Trigger warnings - violent racist language, outdated and offensive terminology.Programming note - the author is a Fellow. The Institute is non-partisan. It neither agrees with, nor endorses, its Fellows’ viewpoints. As ever, individual Fellows are required to sign an affirmation on the issue of Rwandan genocide denial.
Hate is in the Hair
“Can I touch your hair?”
The clarion call of the microaggressor. Well-meaning, but emotionally draining at best and deeply wounding at worst. Especially when you experience it every single week of your childhood.
My classmates used to stare at me, morbidly curious, as if I were a Legendary Pokémon. Teachers asked me where I was really from. The school magazine published an article about ‘diverse’ pupils, in which I and the other four ethnic minority pupils in my school were listed with our race, as if we were three trophies in gold, silver, and bronze.
Then there was my hair. My thick Black mop of unruly, curly hair became an object of fascination. The other children would stick pencils in it, ask if it was a nesting site for parrots, and touch it constantly – with and without manufactured consent. In doing so they colonised my personal space, just as their great-grandfathers had colonised my great-grandfathers’ personal space.
It wasn’t the obvious racists who bothered me. Their lack of subtlety left them scorned by the student body. When I, a second generation East Asian refugee, was called a P*ki, I was not so much offended as bemused: Pakistan was thousands of miles away from my ancestral home.
No, my struggle was with well-meaning micro-aggressors’ persistent reminders that I was Other. They didn’t understand the effect that their carelessly violent words could have on the mental landscape of a developing and vulnerable person of hidden colour.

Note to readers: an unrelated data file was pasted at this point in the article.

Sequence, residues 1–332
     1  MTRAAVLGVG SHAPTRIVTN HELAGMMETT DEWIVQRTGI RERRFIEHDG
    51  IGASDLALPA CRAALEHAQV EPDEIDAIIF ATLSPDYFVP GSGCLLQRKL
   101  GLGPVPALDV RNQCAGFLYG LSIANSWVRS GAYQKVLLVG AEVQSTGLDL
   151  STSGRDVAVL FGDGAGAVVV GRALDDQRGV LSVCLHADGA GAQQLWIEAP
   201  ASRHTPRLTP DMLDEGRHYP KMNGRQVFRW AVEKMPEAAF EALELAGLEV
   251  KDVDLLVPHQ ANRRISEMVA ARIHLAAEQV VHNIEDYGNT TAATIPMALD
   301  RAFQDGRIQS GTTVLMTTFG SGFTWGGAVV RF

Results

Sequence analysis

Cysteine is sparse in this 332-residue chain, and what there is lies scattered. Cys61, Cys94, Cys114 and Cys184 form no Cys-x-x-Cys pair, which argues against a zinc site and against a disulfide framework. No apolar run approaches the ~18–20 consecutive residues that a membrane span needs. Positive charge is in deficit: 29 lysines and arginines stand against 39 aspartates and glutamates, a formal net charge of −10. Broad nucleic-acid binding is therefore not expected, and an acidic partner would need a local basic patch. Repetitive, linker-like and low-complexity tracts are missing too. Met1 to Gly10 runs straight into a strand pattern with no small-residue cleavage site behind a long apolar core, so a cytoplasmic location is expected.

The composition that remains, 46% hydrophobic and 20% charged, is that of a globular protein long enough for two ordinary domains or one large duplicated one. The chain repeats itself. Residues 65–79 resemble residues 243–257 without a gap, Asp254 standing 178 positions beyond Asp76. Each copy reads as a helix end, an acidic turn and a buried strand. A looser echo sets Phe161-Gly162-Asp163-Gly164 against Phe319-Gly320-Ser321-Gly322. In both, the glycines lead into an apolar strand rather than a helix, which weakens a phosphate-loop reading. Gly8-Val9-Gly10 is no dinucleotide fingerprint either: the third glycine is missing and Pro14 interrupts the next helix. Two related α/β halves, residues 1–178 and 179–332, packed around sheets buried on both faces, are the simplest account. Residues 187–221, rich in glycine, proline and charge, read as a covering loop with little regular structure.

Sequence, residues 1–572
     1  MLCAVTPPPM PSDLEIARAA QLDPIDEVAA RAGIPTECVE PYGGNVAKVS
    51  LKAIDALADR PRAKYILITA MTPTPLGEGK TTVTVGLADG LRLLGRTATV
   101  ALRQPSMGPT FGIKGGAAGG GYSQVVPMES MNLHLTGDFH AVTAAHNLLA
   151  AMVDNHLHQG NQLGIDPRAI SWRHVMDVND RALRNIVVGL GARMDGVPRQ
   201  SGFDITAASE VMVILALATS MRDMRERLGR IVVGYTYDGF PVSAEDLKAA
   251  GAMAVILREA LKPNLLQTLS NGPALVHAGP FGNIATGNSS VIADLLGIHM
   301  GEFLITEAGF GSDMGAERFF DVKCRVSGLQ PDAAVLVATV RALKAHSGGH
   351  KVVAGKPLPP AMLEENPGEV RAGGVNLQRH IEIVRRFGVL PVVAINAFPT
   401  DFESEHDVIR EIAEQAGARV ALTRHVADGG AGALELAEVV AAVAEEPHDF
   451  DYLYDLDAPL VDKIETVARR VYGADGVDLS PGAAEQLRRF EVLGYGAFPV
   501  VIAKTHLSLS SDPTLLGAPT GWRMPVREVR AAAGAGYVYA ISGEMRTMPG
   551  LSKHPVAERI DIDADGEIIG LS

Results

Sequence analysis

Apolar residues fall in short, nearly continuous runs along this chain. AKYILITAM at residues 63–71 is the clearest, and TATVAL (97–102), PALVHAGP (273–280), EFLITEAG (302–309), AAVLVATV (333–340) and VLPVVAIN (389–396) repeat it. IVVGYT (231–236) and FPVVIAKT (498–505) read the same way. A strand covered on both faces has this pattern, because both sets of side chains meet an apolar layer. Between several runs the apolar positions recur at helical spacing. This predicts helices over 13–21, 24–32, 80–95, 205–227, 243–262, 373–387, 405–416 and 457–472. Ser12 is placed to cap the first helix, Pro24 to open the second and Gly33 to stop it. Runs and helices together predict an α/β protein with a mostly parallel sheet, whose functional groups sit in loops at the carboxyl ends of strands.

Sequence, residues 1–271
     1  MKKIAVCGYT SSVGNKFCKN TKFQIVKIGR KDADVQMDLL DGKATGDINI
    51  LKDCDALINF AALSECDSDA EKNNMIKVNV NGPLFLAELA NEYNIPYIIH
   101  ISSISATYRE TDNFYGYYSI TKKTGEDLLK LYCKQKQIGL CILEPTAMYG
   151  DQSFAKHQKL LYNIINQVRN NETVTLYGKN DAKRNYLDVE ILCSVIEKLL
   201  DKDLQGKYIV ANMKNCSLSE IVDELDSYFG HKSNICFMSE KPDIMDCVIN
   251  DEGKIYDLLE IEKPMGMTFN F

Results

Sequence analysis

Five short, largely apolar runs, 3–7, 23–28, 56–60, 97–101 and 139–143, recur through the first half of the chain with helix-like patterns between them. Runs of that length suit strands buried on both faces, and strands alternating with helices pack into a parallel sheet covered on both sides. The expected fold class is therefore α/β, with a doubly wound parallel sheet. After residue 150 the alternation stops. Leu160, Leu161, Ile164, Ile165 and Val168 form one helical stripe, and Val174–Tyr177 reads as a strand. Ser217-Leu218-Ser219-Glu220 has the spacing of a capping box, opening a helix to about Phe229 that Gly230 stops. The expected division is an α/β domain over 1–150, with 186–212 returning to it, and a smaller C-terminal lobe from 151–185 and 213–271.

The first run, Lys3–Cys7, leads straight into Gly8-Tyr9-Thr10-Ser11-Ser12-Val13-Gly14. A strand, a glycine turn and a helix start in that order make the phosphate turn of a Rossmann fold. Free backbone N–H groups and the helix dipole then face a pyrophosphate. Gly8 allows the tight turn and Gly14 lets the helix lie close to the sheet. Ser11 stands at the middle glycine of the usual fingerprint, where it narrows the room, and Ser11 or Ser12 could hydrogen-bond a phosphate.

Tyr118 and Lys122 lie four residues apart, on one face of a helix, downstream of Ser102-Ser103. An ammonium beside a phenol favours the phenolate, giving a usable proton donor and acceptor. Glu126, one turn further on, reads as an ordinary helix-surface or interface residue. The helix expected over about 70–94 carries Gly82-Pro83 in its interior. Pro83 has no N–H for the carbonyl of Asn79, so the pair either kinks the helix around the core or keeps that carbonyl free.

White of hand
My first real job was in a prominently Non-white field. Within days, I realised to my chagrin that I didn’t fit in there either. I was passed over for promotions for being ‘too posh’. I was treated by colleagues with a chilly formality. On one soul-crushing occasion, a senior colleague called me out publicly for ‘sounding too white’. I was Other among whites, and Other among Non-whites. Condemned by an institutionally racist society, never to belong anywhere. Where was I to fit in?
White on time?
As you might have guessed by now, I am what is commonly referred to as mixed race. My father is Brown, and my mother is white. My hair is black, thick, and curly, my skin tone is Nonwhite, but not exactly Brown. In all communities, I am treated as Other. My lived experience leads me to conclude that the term “mixed race” is problematic. It implies both the constant benefits of whiteness and the oppression of Non-whiteness. Race-Fluid neatly encapsulates the fact that these people’s experience of race (and therefore their race itself) changes drastically depending on their context.
Among whites, I am Other. I am treated as not a human being, but a curiosity. But fully Nonwhite people treat me as just another oppressive gwei lo.
Robin DiAngelo, Reni Eddo-Lodge, Ibram X Kendi, and other activist scientists have proven that race has no basis in biology whatsoever. It was invented by white people - mostly straight cis men - and is inextricably linked to colonial and postcolonial systems of power and oppression, where white voices will always dominate the conversation. Colonisers tolerate racism as they tolerate Rwandan genocide denialism: it doesn’t affect them. Race is a social construct; reliant on the hegemony of whiteness.
A horse of a different colour
People whose lived experience includes being perceived both as Non-white and as white can be considered Race-Fluid: their interaction with race and racism changes drastically depending on their current lived experience, and whether they inhabit the role of oppressor or oppressed in their immediate cultural milieu.
We do not force people to choose between being cis and trans: we admit the existence of the Gender-Fluid, whose gender depends on their environment and feelings. As a cis ally, I have never experienced their pain, but I listen to them, as I urge allies to listen to the lived experiences of Race-Fluid people.
Our language needs to evolve to acknowledge this fact of life. We must free ourselves from this verbal trauma.
The Dark white rises?
My white mother directly benefited from colonial systems, and yet, her genes, her DNA are in me. Am I not a beneficiary, unaware of my privilege? When my Black and Brown colleagues pass me over for promotions, are they not justified? Are my ancestors not guilty of colonising their space too?
The racism I face is nothing compared to the racism my fully Black and Brown friends face every day, but when I am surrounded by white people, I too am Othered. Race-Fluidity is the only way to describe my lived experience.
The whitewash recedes. Nature is healing.
But there is hope. As awareness of Gender-Fluidity rises in cis allies, I hope to raise awareness among mono-racial allies.